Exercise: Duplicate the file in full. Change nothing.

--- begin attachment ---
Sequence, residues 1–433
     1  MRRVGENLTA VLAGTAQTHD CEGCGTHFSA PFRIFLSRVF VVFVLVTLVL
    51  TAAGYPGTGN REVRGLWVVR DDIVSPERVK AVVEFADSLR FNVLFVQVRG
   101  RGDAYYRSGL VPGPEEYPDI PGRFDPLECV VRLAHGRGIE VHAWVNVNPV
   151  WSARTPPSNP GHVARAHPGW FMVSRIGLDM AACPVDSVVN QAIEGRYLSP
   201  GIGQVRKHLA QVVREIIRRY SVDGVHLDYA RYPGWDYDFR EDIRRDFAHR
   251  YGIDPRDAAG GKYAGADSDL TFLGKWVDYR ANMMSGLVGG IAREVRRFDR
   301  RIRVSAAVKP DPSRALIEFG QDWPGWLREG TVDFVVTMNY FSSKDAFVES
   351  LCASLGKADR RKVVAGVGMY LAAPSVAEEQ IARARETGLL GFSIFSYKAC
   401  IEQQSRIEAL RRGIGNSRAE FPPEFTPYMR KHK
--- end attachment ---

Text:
Sequence, residues 1–433
     1  MRRVGENLTA VLAGTAQTHD CEGCGTHFSA PFRIFLSRVF VVFVLVTLVL
    51  TAAGYPGTGN REVRGLWVVR DDIVSPERVK AVVEFADSLR FNVLFVQVRG
   101  RGDAYYRSGL VPGPEEYPDI PGRFDPLECV VRLAHGRGIE VHAWVNVNPV
   151  WSARTPPSNP GHVARAHPGW FMVSRIGLDM AACPVDSVVN QAIEGRYLSP
   201  GIGQVRKHLA QVVREIIRRY SVDGVHLDYA RYPGWDYDFR EDIRRDFAHR
   251  YGIDPRDAAG GKYAGADSDL TFLGKWVDYR ANMMSGLVGG IAREVRRFDR
   301  RIRVSAAVKP DPSRALIEFG QDWPGWLREG TVDFVVTMNY FSSKDAFVES
   351  LCASLGKADR RKVVAGVGMY LAAPSVAEEQ IARARETGLL GFSIFSYKAC
   401  IEQQSRIEAL RRGIGNSRAE FPPEFTPYMR KHK